The state of human rights in South Dublin 2022: Who has power in South Dublin?

Part two in a three-part series following a community mobilisation to monitor international human rights at a local level Aidan Lloyd  |  Tue Oct 11 2022
The state of human rights in South Dublin 2022: Who has power in South Dublin?

The idea behind our project was to collect the experiences of households on the conditions they experience in relation to housing, safety, health and public services, to align the outcomes with human rights that the state and its agencies are duty bound to deliver on.

Human rights are non-negotiable, but human rights are worth nothing unless we have power – unless we can bring effective pressure to bear on those responsible for delivering and defending our rights.

In the spring of 2022 community activists from NCCDP, Rights Platform, St Kevin’s FRC and others undertook training to develop our understanding of human rights approaches with the assistance of the Participation and Practice of Rights organisation (PPR).

We developed a plan for action research in our communities.

Research teams, working in pairs, conducted surveys over a 6 week period, taking time to speak with families, gather their stories and collect photographic evidence. Some of the housing conditions were highlighted on social media. Complaints were forwarded to councillors and officials at South Dublin County Council, who requested further details.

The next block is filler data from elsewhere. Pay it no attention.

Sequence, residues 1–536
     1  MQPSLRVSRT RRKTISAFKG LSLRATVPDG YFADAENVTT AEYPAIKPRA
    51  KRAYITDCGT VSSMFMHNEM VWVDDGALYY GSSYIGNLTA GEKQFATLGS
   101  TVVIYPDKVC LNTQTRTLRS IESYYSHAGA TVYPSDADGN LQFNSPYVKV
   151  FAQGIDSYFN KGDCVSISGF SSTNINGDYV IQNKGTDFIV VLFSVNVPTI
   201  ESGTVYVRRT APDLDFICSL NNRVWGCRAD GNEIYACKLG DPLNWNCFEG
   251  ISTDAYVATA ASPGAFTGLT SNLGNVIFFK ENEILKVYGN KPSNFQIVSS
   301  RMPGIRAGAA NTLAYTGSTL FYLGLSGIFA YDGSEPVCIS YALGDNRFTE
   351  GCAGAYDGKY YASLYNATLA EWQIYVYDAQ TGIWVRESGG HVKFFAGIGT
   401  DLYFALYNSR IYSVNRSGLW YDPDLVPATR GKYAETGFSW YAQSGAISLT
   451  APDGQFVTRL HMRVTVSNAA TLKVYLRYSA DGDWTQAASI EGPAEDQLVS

Picture of a toilet, washing basin and an chair aid with damp and mould on the bathroom walls

The speedy responses to our social media posts died a death within a few days, just as the housing repair system did once the complaint was acknowledged. This was a test, with predictable results. We know that communities have to sustain the pressure to hold people in power accountable.

We are not only interested in documenting the issues families face every day in south Dublin, but in how we can draw on the support of our friends, families, neighbours and allies to put power behind our demands for the protection of our rights.

On the 7th and 8th November we are inviting the local residents who took part in the action research and who gave generously of their time and personal testimonies to meet and discuss the results.

We know from past experience that feeding the outcomes back to the responsible agencies and authorities will not bring change without a strong follow-through where the community can take action to monitor their government and bring pressure to bear. As part of our action research we have identified the local and national power holders and their specific responsibilities.

Over half of residents surveyed reported damp and/or mould in their homes

The publication of the results alone should lead to action but that will not happen without the involvement of people impacted by the problems developing our demands and setting our own agenda. On the 7th and 8th November we are inviting the local residents who took part in the action research and who gave generously of their time and personal testimonies to meet and discuss the results.

If you would like to join the community meetings and be part of a discussion on how we can respond to defend our rights in south Dublin email – aidlloyd@gmail.com